Rishad Bathiudeen is a former Cabinet minister who currently leads an opposition party in Sri Lanka’s Parliament. He and his brother, Reyaj Bathiudeen, were arrested in the capital for allegedly “aiding and abetting the suicide bombers who committed the Easter Sunday carnage,” said police spokesman Ajith Rohana.
He said the brothers have not yet been officially charged but were arrested based on direct evidence, as well as what he called circumstantial and “scientific” evidence.
Two local Muslim groups that had pledged allegiance to the Islamic State group have been blamed for the six near-simultaneous blasts at two Roman Catholic churches, a Protestant church and three tourist hotels. Both Muslims and Catholics are minorities in Sri Lanka, where Buddhists make up 70 per cent of the population.
Before his arrest Saturday, Bathiudeen wrote on Facebook that police were outside his house “since 1.30am today attempting to arrest me without a charge. … They have already arrested my brother. I have been in Parliament, and have cooperated with all lawful authorities until now. This is unjust.”
Rushdhie Habeeb, a lawyer representing Bathiudeen, called the arrests politically motivated and said, “No reasons for the arrest had been given at the time of their arrest by those who conducted the midnight raid.”
In his statement, Habeeb said the purpose was to “punish the political leadership of the Muslims, which had nothing to do with 21/4, for the dastardly acts of some Muslim youths who were widely alleged as having been used as pawns by foreign powers.”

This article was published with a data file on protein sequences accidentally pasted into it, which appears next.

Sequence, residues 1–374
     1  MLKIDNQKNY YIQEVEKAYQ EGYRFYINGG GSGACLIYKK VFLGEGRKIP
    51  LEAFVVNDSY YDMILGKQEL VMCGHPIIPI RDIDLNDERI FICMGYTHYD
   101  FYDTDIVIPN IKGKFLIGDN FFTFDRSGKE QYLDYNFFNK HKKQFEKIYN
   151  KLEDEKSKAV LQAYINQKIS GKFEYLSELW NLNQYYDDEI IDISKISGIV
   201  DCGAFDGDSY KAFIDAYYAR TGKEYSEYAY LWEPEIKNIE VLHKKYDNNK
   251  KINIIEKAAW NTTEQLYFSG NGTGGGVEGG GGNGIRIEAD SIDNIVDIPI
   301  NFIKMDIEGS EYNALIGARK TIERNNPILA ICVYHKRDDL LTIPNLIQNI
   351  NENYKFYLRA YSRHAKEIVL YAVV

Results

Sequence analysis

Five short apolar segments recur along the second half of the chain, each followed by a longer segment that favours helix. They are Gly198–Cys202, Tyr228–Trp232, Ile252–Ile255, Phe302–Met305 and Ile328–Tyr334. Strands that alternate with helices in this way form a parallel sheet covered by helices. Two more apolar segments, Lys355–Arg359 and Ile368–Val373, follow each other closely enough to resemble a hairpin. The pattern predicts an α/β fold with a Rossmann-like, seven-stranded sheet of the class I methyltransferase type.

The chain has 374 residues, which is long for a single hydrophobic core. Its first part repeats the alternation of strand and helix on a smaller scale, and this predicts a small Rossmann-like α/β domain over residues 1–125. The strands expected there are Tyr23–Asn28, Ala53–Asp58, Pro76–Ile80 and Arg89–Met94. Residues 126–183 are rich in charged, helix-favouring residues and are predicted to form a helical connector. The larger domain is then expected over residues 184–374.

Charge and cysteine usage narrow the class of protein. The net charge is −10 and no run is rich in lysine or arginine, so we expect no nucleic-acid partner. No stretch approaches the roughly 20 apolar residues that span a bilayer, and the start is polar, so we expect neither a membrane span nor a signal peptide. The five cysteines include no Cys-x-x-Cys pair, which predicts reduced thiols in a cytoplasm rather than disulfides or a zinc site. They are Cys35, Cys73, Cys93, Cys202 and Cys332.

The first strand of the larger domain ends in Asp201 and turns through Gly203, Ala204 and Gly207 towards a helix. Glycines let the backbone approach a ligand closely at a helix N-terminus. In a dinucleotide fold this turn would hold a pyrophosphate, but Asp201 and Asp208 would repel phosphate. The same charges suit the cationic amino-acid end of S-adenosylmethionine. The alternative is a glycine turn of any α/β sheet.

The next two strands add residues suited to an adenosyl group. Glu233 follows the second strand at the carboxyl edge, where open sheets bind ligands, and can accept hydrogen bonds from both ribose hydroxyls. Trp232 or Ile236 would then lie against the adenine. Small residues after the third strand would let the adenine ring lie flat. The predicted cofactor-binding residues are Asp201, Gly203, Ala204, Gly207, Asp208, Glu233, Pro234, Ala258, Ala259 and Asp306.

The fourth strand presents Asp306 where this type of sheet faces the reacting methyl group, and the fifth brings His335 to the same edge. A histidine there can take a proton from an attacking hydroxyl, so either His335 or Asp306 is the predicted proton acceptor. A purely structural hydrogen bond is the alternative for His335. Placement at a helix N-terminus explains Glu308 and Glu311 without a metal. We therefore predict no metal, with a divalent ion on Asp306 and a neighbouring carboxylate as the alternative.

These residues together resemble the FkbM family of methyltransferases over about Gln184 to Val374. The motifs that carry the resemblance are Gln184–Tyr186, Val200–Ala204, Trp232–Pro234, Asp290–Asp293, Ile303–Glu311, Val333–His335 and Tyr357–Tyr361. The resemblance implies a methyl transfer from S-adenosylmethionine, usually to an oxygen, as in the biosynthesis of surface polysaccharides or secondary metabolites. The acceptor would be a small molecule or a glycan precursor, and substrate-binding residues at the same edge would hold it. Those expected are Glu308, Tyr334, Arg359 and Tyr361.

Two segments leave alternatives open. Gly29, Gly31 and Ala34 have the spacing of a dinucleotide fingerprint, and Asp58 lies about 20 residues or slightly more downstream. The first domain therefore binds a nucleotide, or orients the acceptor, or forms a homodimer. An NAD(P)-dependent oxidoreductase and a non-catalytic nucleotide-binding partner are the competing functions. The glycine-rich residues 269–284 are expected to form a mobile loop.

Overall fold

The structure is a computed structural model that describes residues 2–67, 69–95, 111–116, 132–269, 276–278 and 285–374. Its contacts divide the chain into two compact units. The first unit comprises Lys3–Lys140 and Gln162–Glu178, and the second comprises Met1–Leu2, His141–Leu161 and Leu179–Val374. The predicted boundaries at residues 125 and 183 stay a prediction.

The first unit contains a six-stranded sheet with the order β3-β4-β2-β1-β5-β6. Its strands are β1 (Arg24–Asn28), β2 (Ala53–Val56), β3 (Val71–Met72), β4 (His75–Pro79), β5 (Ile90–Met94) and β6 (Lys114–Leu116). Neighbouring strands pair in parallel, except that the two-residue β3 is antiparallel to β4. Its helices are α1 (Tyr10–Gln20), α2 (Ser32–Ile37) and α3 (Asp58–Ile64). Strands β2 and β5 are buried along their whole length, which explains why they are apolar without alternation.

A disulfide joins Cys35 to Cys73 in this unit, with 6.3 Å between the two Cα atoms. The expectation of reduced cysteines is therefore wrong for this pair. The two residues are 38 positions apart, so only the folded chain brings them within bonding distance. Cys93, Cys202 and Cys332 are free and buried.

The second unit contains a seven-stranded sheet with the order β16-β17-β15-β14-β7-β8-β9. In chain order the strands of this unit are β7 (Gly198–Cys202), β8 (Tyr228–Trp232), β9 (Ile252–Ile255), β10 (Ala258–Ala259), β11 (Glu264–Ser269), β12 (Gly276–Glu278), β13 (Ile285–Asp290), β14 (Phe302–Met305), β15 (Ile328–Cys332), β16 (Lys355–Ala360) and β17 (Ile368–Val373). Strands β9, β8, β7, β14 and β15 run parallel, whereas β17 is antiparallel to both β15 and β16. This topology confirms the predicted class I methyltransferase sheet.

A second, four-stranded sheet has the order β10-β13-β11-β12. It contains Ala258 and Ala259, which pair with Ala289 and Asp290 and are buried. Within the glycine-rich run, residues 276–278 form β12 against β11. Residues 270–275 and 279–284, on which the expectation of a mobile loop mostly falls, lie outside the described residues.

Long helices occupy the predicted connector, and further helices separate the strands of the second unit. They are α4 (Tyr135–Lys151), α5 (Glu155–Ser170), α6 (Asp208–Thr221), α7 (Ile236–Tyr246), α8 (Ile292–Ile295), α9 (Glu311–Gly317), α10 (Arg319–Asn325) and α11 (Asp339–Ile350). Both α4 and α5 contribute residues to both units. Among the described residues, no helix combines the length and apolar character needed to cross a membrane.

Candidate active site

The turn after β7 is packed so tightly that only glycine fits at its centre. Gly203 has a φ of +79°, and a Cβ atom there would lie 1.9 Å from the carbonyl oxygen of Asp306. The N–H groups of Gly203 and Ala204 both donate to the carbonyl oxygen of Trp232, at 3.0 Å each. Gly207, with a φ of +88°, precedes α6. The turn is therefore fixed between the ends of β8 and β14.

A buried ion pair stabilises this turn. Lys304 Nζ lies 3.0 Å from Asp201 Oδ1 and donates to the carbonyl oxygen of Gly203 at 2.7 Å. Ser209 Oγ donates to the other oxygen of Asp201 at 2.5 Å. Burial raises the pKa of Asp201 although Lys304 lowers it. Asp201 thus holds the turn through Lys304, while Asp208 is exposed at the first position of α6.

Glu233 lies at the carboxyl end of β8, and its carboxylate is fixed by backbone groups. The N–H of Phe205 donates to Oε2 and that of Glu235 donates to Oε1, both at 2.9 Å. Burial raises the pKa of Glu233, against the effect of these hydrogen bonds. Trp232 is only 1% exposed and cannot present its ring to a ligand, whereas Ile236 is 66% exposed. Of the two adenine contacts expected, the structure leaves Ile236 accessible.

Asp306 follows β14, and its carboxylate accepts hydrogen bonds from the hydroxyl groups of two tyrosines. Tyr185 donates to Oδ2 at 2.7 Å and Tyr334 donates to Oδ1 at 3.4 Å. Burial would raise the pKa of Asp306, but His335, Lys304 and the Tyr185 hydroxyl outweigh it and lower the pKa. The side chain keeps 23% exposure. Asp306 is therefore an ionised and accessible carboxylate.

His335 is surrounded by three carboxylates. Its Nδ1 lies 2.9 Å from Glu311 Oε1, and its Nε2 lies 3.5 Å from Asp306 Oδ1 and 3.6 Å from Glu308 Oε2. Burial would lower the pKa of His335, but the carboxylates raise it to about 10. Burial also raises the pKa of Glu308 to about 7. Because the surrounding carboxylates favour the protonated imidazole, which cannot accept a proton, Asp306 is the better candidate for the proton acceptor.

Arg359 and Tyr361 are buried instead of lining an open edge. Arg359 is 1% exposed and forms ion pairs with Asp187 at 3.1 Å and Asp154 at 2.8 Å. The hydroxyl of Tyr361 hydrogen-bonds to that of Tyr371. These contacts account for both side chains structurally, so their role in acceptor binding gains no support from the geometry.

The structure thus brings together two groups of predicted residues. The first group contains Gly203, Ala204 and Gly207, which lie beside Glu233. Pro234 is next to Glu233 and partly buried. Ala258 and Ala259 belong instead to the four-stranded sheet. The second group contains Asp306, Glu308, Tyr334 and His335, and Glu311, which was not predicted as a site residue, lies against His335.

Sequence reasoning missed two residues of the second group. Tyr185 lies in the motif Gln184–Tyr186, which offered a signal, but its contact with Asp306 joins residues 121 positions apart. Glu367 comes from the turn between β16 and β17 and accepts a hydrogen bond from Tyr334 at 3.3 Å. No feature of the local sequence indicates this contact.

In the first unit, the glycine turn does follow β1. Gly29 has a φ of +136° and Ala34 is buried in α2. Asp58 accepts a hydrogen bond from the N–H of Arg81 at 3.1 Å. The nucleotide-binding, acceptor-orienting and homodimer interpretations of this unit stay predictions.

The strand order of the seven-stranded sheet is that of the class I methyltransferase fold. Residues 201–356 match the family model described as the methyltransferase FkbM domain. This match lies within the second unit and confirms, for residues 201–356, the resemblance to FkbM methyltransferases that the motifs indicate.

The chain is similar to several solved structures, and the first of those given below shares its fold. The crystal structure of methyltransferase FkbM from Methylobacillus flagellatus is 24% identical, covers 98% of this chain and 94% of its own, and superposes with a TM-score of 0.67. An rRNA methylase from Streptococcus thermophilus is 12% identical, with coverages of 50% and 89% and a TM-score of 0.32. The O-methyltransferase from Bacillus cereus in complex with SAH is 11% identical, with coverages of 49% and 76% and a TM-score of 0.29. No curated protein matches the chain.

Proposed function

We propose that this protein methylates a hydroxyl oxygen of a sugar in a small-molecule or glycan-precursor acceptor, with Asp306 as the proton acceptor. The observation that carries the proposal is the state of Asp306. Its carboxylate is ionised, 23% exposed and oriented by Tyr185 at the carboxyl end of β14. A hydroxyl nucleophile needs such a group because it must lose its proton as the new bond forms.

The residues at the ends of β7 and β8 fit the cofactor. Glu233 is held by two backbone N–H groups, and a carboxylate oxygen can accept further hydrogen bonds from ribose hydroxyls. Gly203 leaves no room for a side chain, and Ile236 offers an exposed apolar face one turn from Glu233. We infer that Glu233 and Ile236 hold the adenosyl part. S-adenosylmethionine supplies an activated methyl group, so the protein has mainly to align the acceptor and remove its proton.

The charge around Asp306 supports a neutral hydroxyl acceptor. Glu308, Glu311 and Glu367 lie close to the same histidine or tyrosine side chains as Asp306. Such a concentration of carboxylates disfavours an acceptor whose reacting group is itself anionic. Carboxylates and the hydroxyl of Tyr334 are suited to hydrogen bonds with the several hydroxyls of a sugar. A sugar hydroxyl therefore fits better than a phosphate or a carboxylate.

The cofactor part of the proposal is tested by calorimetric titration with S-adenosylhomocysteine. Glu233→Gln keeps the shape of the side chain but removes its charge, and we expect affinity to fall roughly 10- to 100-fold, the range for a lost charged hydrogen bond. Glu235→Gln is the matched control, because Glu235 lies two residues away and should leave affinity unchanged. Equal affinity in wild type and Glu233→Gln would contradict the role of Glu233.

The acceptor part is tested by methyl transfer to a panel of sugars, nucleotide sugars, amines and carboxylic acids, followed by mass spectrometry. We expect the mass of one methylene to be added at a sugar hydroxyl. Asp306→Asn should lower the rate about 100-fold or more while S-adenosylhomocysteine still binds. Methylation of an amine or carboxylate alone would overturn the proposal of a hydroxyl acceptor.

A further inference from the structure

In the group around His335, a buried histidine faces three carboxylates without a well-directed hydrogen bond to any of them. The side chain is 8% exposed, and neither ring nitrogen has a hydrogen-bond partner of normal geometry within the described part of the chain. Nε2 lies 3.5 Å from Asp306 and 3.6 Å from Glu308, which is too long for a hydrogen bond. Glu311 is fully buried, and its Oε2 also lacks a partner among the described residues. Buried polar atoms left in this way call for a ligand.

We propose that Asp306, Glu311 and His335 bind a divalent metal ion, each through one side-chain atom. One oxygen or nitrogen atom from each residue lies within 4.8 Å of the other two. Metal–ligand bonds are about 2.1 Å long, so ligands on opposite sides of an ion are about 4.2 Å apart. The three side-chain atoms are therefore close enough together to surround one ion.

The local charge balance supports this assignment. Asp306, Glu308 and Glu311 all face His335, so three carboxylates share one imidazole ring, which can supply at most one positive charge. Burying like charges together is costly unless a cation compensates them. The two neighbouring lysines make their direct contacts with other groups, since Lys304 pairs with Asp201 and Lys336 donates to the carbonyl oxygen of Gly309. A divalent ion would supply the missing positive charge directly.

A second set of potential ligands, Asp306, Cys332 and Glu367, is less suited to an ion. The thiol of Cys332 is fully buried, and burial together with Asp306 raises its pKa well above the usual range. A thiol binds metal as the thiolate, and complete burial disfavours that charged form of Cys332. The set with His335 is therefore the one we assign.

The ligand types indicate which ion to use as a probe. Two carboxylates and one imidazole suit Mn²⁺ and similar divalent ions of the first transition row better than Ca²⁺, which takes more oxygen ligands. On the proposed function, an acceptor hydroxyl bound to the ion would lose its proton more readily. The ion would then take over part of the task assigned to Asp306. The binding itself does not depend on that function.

The arrests came amid growing demands for justice by Sri Lanka’s Catholic leaders and community, including during a commemoration held Wednesday on the second anniversary of the attacks. Last month, Sri Lankan Catholics also attended Mass dressed in black and held placards in a silent “Black Sunday” protest.
Most of the people connected to the groups accused of carrying out the attacks have been arrested, but Archbishop of Colombo Cardinal Malcolm Ranjith has insisted the bombings couldn’t have been planned by the leader who committed suicide in one of the attacks.
The government of President Gotabaya Rajapaksa, who came to power later in 2019 after promising to determine the truth behind the attacks, is under pressure to find the mastermind.
His government accused an Islamic cleric arrested soon after the attacks of being the organiser, but the claim has not been accepted by the Catholic Church, which suspects there was larger foreign involvement.
Ranjith, the archbishop, has said a presidential commission that investigated the attacks focused on failures by those in political power at the time to prevent the bombings, instead of on finding the people who were directly responsible.
A power struggle between the then-president and prime minister, which led to a communications breakdown and a resulting lapse in security coordination, is said to have enabled the attacks, which occurred despite prior foreign intelligence warnings.